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5 Reasons Why Oregon Will Beat Ohio State in the National Championship

Marcus Mariota

Marcus Mariota

Oregon is 60 minutes away from its first national championship after a 59-20 victory over Florida State in the Rose Bowl. The Ducks had plenty of help from the Seminoles, using five turnovers by the Seminoles to score 41 points in the second half. As usual, Oregon had plenty of explosive plays by its offense, averaging 7.9 yards per play behind quarterback Marcus Mariota. The Heisman Trophy winner started slow but finished with 338 passing yards and two scores and added 62 yards and one touchdown on the ground.

The Ducks were pegged as one of the favorites to win the college football playoff in the preseason and used a huge win over Michigan State on Sept. 6 to start 4-0. However, injuries took a toll on the offensive line, and Oregon lost 31-24 to Arizona in early October. But the Ducks regrouped after the loss and finished the year with nine straight victories.


Oregon has eight previous matchups against Ohio State. The Ducks are winless against the Buckeyes and lost their last trip to the national championship game, as Auburn defeated Oregon 22-19 in 2011.

Five Reasons Why Oregon Will Win the National Title

1. Marcus Mariota

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When Oregon and Ohio State kick off on Jan. 12 in Arlington, Texas, Marcus Mariota will undoubtedly be the best player on the field. The junior claimed the Heisman after throwing for 4,111 yards and 40 touchdowns and adding 731 yards and 15 scores on the ground. While Mariota’s overall production in yardage and touchdowns is impressive, it’s his efficiency that doesn’t get enough credit. Mariota completed 68.6 percent of his passes in 2014 and tossed only three interceptions on 408 attempts. The junior also led the nation by averaging 10.1 yards per pass and recording 31 passing plays of 30 yards or more. Ohio State’s secondary has made marked improvement under the direction of co-defensive coordinator Chris Ash. The Buckeyes allowed 41 plays of 20 yards or more in 2013 but cut that number to just 18 in 2014. However, despite an improved secondary and fierce pass rush, this is the best passing attack Oregon has played this year.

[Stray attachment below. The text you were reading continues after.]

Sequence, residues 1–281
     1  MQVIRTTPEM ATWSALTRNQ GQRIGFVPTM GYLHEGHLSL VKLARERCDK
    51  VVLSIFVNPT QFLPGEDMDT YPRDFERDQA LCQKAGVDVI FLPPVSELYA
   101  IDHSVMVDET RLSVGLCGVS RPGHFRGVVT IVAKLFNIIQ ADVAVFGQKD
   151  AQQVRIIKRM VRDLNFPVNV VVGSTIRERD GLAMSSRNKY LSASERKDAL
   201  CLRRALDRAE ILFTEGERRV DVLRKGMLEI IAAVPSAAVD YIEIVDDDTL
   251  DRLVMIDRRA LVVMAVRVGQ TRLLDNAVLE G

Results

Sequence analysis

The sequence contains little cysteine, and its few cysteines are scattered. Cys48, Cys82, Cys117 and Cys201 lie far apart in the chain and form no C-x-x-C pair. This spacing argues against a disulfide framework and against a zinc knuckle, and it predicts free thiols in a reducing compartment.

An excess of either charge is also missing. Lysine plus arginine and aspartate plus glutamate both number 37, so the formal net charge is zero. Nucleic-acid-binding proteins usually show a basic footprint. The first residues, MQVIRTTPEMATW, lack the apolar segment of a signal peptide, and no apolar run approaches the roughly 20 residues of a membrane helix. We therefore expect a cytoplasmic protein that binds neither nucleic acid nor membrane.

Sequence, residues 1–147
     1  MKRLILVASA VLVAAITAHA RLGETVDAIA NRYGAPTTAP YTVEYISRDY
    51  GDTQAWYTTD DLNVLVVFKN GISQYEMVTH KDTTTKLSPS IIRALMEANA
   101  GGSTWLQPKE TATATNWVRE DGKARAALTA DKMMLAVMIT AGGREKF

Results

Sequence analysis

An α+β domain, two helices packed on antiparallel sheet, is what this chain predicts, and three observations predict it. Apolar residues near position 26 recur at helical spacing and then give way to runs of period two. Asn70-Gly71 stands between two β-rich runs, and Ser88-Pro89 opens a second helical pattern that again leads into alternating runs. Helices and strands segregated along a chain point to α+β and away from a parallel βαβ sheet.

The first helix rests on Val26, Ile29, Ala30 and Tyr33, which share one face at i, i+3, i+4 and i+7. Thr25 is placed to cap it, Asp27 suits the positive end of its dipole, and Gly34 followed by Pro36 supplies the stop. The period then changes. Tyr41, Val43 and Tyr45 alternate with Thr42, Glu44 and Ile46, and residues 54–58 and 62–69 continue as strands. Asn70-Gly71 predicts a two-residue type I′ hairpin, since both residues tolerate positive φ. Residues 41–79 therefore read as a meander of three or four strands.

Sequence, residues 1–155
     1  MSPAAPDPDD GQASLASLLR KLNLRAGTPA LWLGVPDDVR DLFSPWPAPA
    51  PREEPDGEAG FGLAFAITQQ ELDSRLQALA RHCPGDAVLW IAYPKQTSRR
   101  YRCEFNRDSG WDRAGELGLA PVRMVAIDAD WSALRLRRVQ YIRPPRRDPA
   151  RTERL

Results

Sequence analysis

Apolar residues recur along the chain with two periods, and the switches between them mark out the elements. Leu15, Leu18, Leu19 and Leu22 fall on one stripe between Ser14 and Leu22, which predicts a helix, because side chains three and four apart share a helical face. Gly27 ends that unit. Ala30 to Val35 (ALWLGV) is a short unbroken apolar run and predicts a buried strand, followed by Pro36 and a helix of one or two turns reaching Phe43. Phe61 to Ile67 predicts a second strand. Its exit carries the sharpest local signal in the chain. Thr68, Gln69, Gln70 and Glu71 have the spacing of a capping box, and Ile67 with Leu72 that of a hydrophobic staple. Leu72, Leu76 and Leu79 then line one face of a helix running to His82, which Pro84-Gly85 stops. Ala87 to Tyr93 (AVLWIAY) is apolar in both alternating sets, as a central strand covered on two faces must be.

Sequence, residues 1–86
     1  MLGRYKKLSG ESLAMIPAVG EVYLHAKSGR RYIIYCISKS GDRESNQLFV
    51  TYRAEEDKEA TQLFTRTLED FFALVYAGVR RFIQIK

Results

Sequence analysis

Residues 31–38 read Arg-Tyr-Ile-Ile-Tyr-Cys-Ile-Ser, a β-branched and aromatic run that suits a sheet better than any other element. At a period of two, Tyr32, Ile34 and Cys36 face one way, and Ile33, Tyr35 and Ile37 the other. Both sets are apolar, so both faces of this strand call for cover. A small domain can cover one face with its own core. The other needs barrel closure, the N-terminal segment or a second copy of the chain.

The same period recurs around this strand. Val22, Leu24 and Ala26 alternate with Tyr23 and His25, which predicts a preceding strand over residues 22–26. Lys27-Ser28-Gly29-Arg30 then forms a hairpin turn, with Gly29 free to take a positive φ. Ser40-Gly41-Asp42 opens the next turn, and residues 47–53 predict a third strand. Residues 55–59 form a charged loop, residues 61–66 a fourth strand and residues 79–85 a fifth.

2. Defensive Improvement

Considering Oregon’s pace of play on offense, the Ducks are always going to struggle to rank among the nation’s best in total defense. However, yardage allowed is an overrated stat for judging the effectiveness of defenses, and first-year coordinator Don Pellum has settled in over the course of the season. Oregon allows 5.5 yards per play (58th nationally) but lowered that mark to 5.1 since November. The Ducks also held their last four opponents to less than 20 points and made steady improvement on getting opposing offenses off the field on third downs late in the year. Oregon is still far from a shut down defense and will bend to allow opponents to drive the field. However, this unit has played better since an uneven start to the year, as evidenced by five forced turnovers in the Rose Bowl win over Florida State.

3. Improving Health